This past week, the board of the Green Climate Fund (GCF) met for the first time. This was an important milestone around the goal of increasing financial support to help developing countries mitigate and adapt to climate change. Expectations are high for the Fund, officially established at the 2011 Durban climate talks. It's positioned to become the main global channel for climate finance, expected to reach $100 billion per year by 2020.
There was an atmosphere of excitement at last week's meetings in Geneva, which brought together a group of 24 countries and their alternates, charged with improving the mobilization of climate finance. The meeting itself focused largely on procedural actions, including the election of the two co-chairs.
As Zaheer Fakir of South Africa, co-chair of the board, said in a press statement, "Our task as the Board is to turn these agreements into implementable actions that can transform the livelihoods of people responding to the impacts of climate change."
Ewen McDonald of Australia, the other co-chair of the board, concurred, saying, "... the Fund will help developing countries take action on climate change and grow their economies in a sustainable way, which will benefit millions of people around the world."
Key issues for the GCF board
Beyond establishing the co-chairs, the first meeting left open several important questions and issues focused on making the Fund operational, including its location, creating a work plan for the coming year, and of course, actually operationalizing the mobilization of resources.
The following are several key issues that the Board will need to address in the days and weeks to come:
Maintaining an inclusive process: Throughout the GCF design process in 2011, much work has gone into ensuring that the process is equitable, transparent and participatory, and that the Fund's governance structure is perceived as legitimate. It will be essential that the Fund prioritizes maintaining an open and inclusive process throughout its establishment and operations. Indeed, the legitimacy of the Fund may rest on how well it succeeds in these areas.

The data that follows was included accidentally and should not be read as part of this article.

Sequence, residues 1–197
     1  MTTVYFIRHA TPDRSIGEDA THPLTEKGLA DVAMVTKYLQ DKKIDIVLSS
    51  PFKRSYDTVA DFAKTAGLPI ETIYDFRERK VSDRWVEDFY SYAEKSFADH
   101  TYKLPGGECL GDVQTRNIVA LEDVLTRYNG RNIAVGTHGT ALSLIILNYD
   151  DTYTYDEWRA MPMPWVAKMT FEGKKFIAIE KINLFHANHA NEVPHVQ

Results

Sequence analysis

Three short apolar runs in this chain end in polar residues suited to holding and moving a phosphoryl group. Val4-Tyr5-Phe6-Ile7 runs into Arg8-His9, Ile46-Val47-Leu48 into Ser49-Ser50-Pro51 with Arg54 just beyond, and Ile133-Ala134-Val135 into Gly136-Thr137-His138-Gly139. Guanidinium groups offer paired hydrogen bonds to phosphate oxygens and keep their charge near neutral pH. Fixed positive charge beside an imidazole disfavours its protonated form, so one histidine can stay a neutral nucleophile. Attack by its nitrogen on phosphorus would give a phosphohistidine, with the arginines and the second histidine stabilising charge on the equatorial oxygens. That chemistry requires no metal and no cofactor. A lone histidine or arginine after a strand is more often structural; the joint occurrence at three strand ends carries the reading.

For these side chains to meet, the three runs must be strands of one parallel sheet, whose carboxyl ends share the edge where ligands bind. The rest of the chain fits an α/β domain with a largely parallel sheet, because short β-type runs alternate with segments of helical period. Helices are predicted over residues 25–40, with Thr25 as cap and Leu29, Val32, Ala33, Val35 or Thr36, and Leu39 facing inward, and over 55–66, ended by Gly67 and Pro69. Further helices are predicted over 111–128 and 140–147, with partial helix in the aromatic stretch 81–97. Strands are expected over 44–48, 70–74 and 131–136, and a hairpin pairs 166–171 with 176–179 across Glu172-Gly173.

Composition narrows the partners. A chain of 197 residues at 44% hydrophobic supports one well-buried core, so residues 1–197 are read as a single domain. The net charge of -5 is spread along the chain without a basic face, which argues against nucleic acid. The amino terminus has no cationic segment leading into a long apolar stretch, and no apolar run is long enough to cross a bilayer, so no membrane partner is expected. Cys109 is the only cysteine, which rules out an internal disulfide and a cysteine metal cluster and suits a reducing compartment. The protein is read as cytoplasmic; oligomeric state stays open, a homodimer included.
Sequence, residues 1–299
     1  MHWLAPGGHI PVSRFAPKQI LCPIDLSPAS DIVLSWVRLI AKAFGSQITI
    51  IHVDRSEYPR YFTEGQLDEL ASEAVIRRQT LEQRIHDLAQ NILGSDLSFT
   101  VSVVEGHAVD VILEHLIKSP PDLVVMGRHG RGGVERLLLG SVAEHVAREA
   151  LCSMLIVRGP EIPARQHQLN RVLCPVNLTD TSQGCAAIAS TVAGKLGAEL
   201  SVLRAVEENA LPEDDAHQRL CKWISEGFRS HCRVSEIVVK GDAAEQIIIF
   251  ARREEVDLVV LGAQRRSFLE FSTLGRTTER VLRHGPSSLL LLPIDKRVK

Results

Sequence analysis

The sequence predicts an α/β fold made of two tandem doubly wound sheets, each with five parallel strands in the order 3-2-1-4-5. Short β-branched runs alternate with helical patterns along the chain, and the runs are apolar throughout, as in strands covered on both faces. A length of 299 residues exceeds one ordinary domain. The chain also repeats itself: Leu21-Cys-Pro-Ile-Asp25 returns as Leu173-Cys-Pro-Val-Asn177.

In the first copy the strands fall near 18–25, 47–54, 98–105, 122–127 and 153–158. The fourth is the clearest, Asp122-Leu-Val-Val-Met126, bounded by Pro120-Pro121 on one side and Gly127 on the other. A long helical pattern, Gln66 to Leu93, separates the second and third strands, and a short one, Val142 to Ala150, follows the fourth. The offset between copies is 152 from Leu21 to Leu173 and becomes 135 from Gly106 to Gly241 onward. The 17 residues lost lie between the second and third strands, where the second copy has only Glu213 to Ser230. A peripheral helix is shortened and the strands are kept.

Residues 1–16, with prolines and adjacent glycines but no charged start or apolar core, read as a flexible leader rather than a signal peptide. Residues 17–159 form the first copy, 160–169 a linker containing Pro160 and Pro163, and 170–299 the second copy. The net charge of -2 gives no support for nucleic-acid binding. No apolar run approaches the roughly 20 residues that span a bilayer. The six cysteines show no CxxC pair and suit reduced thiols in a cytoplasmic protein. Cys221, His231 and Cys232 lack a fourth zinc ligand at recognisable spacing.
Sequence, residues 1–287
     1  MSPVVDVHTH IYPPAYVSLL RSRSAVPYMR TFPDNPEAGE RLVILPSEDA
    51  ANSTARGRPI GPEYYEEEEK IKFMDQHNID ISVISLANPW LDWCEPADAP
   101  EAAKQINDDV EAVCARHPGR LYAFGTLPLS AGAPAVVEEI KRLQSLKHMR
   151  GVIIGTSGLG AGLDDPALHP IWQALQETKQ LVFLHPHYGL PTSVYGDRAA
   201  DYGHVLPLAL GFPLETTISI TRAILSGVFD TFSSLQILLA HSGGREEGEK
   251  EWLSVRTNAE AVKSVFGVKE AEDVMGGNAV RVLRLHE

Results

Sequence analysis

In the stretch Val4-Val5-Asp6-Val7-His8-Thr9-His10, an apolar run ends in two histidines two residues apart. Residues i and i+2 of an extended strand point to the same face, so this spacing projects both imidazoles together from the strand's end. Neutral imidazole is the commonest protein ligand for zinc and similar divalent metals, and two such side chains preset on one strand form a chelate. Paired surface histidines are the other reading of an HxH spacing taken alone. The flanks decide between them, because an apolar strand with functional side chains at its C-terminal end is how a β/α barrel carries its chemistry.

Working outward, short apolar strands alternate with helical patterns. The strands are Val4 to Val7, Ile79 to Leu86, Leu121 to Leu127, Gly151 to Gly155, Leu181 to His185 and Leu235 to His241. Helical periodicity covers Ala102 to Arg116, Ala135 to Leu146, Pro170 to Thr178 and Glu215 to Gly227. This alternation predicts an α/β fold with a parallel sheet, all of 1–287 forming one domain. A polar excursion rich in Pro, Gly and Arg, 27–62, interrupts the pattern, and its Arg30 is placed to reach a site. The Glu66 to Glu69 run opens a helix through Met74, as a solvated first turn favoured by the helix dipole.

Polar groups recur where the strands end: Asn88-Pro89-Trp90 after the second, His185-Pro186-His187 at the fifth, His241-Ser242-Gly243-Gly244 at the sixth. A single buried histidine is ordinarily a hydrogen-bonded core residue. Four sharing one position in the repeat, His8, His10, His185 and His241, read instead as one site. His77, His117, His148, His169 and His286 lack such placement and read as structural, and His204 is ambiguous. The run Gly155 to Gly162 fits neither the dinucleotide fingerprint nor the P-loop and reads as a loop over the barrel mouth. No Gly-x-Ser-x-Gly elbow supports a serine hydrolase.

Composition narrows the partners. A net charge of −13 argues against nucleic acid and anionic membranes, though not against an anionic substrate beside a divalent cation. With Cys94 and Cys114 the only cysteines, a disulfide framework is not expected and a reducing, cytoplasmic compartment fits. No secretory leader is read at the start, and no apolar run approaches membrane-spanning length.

Picking an executive director: The Board will need to put in place a process for selecting the executive director of the independent secretariat so that as soon as the host country is endorsed (expected at the Conference of the Parties in Doha, COP18, later this year), the Fund's work can begin.
A participatory process: It will be important to ensure that the Board is participatory, including bringing the official observers (from civil society and the private sector) more fully into the process. As the Board strives to create a Fund that surpasses existing funds in terms of governance and impact, it cannot afford to be seen as less progressive on issues of transparency and participation. Given the limited arrangements for observers stipulated in the governing instrument, the Board will have to find innovative ways to draw on the diversity of perspectives and expertise that comprise civil society and the private sector.
Developing a plan: The Board will need to develop a work plan that outlines how it will approach the tasks ahead of it and set a timeline by which to measure progress. It will have to strike a balance between realism - taking the time to do its work thoughtfully and thoroughly - and ambition - aiming for the lofty goals of scaled-up climate finance.
Establish operational processes: Beyond process, the Board should start to tackle the difficult strategic issues around how it will operate, including its business model, its vision for success in creating a climate fund that's truly transformational, its relationship with existing climate funds and institutions, and how it will operationalize access modalities and the private-sector facility.
Many of these issues will likely be taken up at the next meeting of the Board in Korea in October and again at the U.N. climate change conference in Doha later this year.
Urgent action needed
There has been much anticipation for the GCF, and the need for a functional Fund is urgent. Ultimately the Board - and the Fund itself - will be judged on outcomes, not processes. It needs to move decisively to prove that it can deliver resources - and do so in a way that is transparent and participatory. As developing countries face the challenges of climate change, the eyes of the world will be watching to see if the Fund can truly begin to mobilize resources to those in need.
This post by Louise Brown and Athena Ballesteros of the International Financial Flows and Environment Project at the World Resources Institute first appeared on WRI's Insights blog.